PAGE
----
Linda Evans

DROP LWOP: Fighting Life Without Parole Sentences

DROP LWOP: Fighting Life Without Parole Sentences
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Members of the DROP LWOP Coalition pay a call on California Gov. Gavin Newsom in August 2018, asking him to grant clemency to incarcerated people serving LWOP. Photo by Courtney Hanson.

By Linda Evans

 “Listen! Hear the words of a 79-year-old woman who has been in prison for 38 years on Life Without Parole (LWOP). Life without parole is a slow death sentence. It eats away hope – for the people inside, for their families. It is not justice. Drop LWOP!” – Doris Roldan (serving LWOP at California Institution for Women)

“An LWOP sentence is not an alternative to the death penalty, it is a slower, more devastating death penalty. An LWOP sentence presumes at the time of sentencing, even if the person is only 19 years old, that there is no possibility of rehabilitation.”  – Jane Dorotik, former LWOP

“Nothing is worse than knowing that this is forever. That no matter what, how hard you try and how much you’ve changed, you will still die in here…” – Boualy (serving LWOP)

Four out of ten people sentenced to California’s prisons – more than 5,200 people – are serving Life Without Parole (LWOP, pronounced el-wop) sentences A bill that would significantly limit this inhumane sentence, SB 300, is being heard in the Assembly after passing the California Senate. The DROP LWOP Coalition is organizing support for SB 300 as one step toward our goal of ending LWOP, and one step closer to abolition of prisons altogether.

During the last 50 years, numerous laws have been passed requiring judges to impose the death penalty or life without parole sentences for an expanding number of crimes. Repression was the government’s response to the Black liberation struggle, the Puerto Rican independence movement, and other resistance efforts of the 1960s and ‘70s. Harsh sentences became a hallmark of “tough on crime” policies, which increased criminal penalties for drug use through the decades-long War on Drugs. Racism in the courts and in sentencing was fundamental to the drive to mass incarceration, and resulted in vastly disproportionate imprisonment of Black and Latinx people. Since 1980, women have gone to prison at twice the rate of men, as prison sentences became routine for economic crimes.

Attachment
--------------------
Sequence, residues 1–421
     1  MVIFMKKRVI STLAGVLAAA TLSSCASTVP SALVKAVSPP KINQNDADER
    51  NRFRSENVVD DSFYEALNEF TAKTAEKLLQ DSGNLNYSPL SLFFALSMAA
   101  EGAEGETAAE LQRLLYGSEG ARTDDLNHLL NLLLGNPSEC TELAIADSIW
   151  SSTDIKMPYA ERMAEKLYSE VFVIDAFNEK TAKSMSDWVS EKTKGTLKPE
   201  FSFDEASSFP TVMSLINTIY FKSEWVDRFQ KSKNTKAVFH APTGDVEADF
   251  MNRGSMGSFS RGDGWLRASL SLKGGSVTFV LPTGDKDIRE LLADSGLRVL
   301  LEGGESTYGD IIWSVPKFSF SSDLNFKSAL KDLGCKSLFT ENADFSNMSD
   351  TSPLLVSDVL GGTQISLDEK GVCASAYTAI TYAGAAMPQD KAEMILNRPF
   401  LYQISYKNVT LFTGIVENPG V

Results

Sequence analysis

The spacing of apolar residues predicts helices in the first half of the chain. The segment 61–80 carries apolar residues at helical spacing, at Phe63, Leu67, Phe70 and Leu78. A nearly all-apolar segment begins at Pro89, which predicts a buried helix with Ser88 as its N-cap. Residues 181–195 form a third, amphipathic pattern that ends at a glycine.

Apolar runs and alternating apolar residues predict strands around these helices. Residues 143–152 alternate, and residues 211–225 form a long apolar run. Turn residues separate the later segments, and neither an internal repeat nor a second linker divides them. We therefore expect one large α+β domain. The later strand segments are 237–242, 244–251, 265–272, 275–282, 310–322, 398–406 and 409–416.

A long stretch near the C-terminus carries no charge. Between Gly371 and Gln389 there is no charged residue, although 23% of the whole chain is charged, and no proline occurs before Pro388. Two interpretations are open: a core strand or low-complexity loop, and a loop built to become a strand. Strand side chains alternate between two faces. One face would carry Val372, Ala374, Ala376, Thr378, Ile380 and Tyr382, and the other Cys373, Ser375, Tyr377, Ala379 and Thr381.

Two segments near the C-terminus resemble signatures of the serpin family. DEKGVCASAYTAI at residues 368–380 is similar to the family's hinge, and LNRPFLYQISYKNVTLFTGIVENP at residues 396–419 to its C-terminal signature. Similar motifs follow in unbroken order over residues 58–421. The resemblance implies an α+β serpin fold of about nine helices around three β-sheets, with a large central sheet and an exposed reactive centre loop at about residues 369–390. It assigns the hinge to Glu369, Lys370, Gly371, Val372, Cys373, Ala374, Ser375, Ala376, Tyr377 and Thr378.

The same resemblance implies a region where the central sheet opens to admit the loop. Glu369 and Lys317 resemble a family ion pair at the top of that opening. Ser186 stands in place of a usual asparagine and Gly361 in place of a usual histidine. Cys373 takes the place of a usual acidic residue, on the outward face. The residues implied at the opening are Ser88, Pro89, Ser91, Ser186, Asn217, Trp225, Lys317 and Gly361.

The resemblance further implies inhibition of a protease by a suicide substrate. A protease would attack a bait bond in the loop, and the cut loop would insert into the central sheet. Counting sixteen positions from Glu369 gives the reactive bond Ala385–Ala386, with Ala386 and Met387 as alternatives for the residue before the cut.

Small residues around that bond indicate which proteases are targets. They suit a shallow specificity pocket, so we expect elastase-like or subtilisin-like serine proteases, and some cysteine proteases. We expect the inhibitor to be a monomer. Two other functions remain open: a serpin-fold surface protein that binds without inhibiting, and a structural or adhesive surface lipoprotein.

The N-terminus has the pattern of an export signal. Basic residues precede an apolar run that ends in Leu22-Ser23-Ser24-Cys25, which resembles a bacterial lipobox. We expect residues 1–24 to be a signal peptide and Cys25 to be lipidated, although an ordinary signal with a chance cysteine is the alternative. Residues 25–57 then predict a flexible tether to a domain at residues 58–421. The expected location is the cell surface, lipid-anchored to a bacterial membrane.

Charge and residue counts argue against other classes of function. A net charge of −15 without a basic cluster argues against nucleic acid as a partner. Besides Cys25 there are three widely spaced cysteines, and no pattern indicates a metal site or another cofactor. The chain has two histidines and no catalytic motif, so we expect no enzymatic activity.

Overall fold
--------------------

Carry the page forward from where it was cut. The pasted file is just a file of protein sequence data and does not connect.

In the 1990s, California voters expanded the use of life without parole sentences through adopting six different ballot initiatives. The new laws expanded prosecutors’ discretion to charge LWOP as a way to secure plea agreements and reduce their caseloads. This particularly affects poor people and people of color, who may depend on Public Defenders and therefore get poor representation in court. People with the fewest resources to fight extreme sentences are the most likely to receive an LWOP sentence. The new laws also made LWOP or the death penalty mandatory for certain crimes, which removed judicial discretion in sentencing.

As a result of these historical developments, four out of 10 people in California prisons are condemned to death or living the rest of their life in prison, with or without the possibility of parole. The result of these extreme sentences is tremendous suffering and social cost, a devasting impact on thousands of children and families, and the slow destruction of human beings.

YOUTH, PEOPLE OF COLOR SENTENCED TO LWOP

When she was in high school, Lakeesha met an older man on the Internet and started a relationship, which quickly turned abusive. Just weeks after she turned 18, her abuser murdered her boss in a jealous rage. After several years of beatings and abuse, Lakeesha escaped from the relationship and reported the murder to the police. She was arrested as an accomplice and sentenced to LWOP.

The majority of people serving LWOP in women’s prisons are survivors of abuse, including intimate partner battering, childhood abuse, sexual violence, and trafficking. Among the 200 people serving LWOP in California’s women’s prisons, 90% were convicted as “aiders and abettors” and 87% had no prior conviction. Many of these women were forced into committing crimes through domestic partner abuse.

Although Black and Latinx people make up about 40% of California’s population, 70% of everyone sentenced to LWOP is from these communities, exposing the systemic racism of the criminal legal system. The most common age for people to receive an LWOP sentence is just 19, and for 71% of the people sentenced to LWOP, this was their first offense.